The first games took place on the Whit weekend of 1958 and the All-Ireland champions Kilkenny took on Clare and Galway took on Derry in the football. The crowds flocked to see their heroes and watch the masters at play. Players like Ollie Walsh, John Maher, Paddy Buggy (who went on to become President of the GAA) and the great Billy Dwyer were on show for the Noresiders. For the following twenty years Wembley played host to the cream of Gaelic Football and Hurling stars, with the Whit weekend being almost like that of All-Ireland days back home.

The Down footballers of the sixties used the Wembley games to their full advantage, as it was the practice run they had for their All-Ireland victory. Patsy O’Hagan became the first man to score a hat-trick at the stadium as Down blasted Galway off the field with a glorious display. Not forgetting the football, the likes of Cork, Kerry and the Dubs came to London and showed the capital their finest. No team came to Wembley with an under strength side, they knew how much the day meant to the exiles and they fielded their top players. In 1962 the London side defeated New York.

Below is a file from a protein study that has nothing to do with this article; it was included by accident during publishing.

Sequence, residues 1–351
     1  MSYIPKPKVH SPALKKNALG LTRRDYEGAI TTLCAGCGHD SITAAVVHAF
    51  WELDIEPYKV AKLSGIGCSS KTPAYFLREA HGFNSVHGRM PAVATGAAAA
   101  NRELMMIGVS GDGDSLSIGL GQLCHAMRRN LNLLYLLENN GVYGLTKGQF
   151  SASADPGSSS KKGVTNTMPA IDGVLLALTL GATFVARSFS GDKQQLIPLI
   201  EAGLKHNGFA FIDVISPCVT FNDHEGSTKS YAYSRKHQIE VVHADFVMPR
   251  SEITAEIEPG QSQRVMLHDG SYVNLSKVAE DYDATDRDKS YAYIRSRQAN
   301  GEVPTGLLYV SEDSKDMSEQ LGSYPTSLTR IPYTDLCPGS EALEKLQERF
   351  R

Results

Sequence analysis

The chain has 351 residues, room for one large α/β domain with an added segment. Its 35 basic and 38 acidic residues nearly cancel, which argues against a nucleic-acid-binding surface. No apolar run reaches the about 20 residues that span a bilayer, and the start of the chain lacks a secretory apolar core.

Patsy O’Hagan’s achievement when he scored four goals against Galway was in 1959. After the feat, there were reports in the English press that the first division side Chelsea were keen on signing the Gaelic footballer. The Clonduff man who died three years ago was a vital part of the Down side which brought the Sam Maguire Cup across the border for the first time in 1960. He played at full-forward in the final when they defeated Kerry by 2-10 to 0-8.

Programme for 1963 Amateur Cup Final at Wembley

Programme for 1963 Amateur Cup Final at Wembley

O’Hagan’s feat was rivalled in May 1963 by another Irishman, Eddie Reynolds from Belfast, as his four headed goals ensured victory by Wimbledon FC over Sutton United in the FA Amateur Cup, 4-2. His performance earned him a Northern Ireland cap against Scotland.

A NOT SO FRIENDLY MATCH

Final match win v Fleetwood assures League status

Final match win v Fleetwood assured League status

We are Wimbledon: see my blog last December to know the reasons why. I am a founder member of the Dons Trust in 2002, a decision which led to the formation of AFC Wimbledon, a team that started off in the Combined Counties League and (re-)entered the Football league in 2011/12. We just about survived in League Two last season: see my article AFCW: We’re Staying Up! in April.